Any doubts about what the ‘new normal” is all about were dispelled yesterday with the bombshell March Nonfarm Payroll Report showing a gain of only 54,000, the smallest in seven months, and a huge shortfall from the 190,000 consensus.
The headline unemployment rate bumped back up from 9.0% to 9.1%, taking the total number of unemployed to 13.9 million. The real U-6 unemployment rate including the long term jobless leapt to 15.8% totaling 24.1 million, and is closer to 20% in states like California.
Private sector employment rose by 83,000, with the biggest gains in business serves (44,000) and health care (17,000). Falls were seen in leisure and hospitality (-6,000) and manufacturing (-5,000). March and April reports were revised down 39,000.
The big hit was in government employment, which plunged by 29,000, all but 1,000 occurring at the local level. This trend is likely to accelerate in the summer, when many teachers already given pink slips are not rehired, as they were in years past. This is a trend that is likely to continue for another decade.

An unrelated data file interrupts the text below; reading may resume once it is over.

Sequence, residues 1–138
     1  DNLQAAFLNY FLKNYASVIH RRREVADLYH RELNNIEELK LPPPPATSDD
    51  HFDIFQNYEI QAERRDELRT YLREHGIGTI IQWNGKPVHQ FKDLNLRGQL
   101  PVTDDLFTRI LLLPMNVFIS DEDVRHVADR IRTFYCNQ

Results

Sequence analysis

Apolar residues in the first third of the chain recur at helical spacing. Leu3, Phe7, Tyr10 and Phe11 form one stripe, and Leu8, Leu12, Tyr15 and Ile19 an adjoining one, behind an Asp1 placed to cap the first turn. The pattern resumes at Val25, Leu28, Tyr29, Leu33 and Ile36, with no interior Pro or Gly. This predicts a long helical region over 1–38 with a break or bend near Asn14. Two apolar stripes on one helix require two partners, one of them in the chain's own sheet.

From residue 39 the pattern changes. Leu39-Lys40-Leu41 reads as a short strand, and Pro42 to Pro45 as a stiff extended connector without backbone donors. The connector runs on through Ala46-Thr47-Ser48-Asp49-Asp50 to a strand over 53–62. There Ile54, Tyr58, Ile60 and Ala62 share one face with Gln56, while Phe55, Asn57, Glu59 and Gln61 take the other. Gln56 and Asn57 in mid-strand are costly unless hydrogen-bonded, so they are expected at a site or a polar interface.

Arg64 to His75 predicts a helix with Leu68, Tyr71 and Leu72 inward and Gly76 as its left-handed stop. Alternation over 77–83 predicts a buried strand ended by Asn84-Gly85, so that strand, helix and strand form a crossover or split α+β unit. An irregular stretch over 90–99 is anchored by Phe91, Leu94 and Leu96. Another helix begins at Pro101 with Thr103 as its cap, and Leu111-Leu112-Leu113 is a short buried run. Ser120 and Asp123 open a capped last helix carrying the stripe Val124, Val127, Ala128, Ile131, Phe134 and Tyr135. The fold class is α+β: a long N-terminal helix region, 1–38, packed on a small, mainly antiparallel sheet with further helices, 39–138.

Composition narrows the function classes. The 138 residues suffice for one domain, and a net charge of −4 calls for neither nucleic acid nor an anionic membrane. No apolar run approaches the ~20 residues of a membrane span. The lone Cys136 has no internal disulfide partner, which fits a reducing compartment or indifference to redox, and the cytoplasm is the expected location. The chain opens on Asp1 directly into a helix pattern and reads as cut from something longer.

Let me give you a simple English lesson here. Spending cuts means job losses. Reducing the deficit means job losses. Balancing the budget means job losses. Austerity means job losses. And lots of job losses means slower economic growth. This reports shows that for every two workers hired by the private sector, one is fired by the government, leaving us with net job growth that is meager at best. Since the jobs recover started 18 months ago, the private sector has added an impressive 2.2 million, while the government has been shoveling jobs away half as fast.
This is a major ingredient of my long term forecast that American GDP growth has permanently downshifted from the 3.9% we saw from 2000-2009 to 2% for this decade. That is the harsh reality behind the chart below showing job gains during this recovery compared to those in years past.
As an investor and trader, you must know that the financial markets don’t believe or understand this yet. Stay cautious and stay nimble, and for the time being, stay short.